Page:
“For I know the plans that I have for you,’ declares the LORD, ‘plans for welfare and not for calamity to give you a future and a hope.” Jeremiah 29:11
The SAT-7 Academy will be launching a new 24/7 educational channel this summer aimed at displaced and impoverished children from Syria, the Middle East, and North Africa. It is designed to help children learn internationally recognized values and addresses the concern of a lack of education in the region believed to be creating a “lost generation”.
SAT-7 Education and Development will be launching this new service. It was organized in 2016 as part of SAT-7 International to leverage the broadcast experience and audience familiarity to advance educational and developmental opportunities. This new channel will provide education for millions of displaced children due to the conflict in Syria and other nations.
Even in areas that are not experiencing political unrest, there are children who do not attend schools due to poverty or because of their gender (females). The United Nations Development Program cites a lack of proper education is the factor holding back the Arab World. One in five (over 21 million) Arabic-speaking children are at high risk for not being educated. Meanwhile, 13 million are not attending school at all.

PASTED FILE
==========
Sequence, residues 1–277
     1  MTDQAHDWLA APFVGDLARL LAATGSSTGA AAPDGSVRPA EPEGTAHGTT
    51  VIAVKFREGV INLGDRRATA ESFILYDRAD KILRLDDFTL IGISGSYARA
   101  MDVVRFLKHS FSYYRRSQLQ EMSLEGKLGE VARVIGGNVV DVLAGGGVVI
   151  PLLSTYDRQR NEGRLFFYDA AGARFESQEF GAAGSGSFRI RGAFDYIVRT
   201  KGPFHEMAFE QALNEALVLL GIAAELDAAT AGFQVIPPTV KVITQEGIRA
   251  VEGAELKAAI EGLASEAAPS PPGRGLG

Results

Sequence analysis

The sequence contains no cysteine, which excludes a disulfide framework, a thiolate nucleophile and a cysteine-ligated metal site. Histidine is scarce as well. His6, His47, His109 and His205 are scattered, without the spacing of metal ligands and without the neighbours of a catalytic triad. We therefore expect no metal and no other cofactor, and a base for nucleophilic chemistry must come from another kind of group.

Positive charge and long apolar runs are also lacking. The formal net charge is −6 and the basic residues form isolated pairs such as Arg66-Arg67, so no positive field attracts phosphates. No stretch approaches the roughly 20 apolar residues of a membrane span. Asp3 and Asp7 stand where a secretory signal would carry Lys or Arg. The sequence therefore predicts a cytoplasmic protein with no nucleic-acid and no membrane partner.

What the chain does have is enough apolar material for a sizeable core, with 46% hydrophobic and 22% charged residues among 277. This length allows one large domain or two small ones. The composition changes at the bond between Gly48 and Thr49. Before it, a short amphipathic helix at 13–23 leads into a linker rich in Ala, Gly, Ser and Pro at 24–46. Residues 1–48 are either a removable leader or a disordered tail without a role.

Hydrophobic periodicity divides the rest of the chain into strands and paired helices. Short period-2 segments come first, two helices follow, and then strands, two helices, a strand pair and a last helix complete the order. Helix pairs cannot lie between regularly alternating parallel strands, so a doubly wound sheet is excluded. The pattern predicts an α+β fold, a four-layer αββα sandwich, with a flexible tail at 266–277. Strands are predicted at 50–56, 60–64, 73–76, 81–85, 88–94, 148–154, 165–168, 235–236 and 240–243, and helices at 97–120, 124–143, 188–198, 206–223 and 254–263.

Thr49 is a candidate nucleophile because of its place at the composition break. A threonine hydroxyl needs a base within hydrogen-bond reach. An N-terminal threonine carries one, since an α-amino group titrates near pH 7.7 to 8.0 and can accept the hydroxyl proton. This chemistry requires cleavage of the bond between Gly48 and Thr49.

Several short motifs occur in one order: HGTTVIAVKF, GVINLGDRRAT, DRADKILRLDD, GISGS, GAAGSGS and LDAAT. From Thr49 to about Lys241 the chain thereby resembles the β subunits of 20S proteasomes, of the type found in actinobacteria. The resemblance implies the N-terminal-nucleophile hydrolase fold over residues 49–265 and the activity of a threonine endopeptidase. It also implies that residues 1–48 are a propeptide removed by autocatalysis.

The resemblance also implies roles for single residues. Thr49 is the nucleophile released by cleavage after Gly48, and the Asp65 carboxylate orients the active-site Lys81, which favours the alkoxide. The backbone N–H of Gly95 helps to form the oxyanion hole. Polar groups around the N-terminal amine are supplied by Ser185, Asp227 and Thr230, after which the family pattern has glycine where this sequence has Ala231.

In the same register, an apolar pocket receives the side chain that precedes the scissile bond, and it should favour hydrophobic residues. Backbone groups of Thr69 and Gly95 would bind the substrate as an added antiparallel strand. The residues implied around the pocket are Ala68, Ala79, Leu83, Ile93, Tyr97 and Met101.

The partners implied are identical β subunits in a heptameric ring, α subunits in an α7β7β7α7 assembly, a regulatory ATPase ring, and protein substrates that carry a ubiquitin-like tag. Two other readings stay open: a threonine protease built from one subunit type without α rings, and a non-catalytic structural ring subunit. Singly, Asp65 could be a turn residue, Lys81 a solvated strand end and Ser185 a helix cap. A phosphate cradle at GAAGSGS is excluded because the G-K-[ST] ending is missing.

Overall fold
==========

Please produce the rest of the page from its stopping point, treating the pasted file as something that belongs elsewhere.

“We are talking about audience sizes in the millions,” SAT-7 Chief Executive Officer Dr. Terence Ascott says of the new channel. “But even if we were only able to impact the lives of a few thousand children, it would be worth it. One viewer can grow up to be a real instrument of change in their society. One of these children could even be the future president of his or her country.”
SAT-7 Academy seeks to transform young lives, to provide children with hope for their future, opportunities for employment or further study, and to positively transform the Middle East and North African regions. Its purpose is to educate children in modern viewpoints and diffuse the appeal of radical organizations.
Many Syrian refugees are currently watching SAT-7 educational program entitled, “My School”, which is broadcast five days a week. According to IPSOS, in 2016 1.3 million children watched the program daily or at least weekly in 10 Arab countries.
Rita Elmounayer, SAT-7’s deputy CEO, commented, “If we do not invest in education that teaches not only knowledge but tolerance, based on internationally recognized values, others will invest in teaching conflicting values. We have seen the result of that — radicalism, extremism, and insurgency. We need to act now to prevent this generation from becoming truly ‘lost.'”
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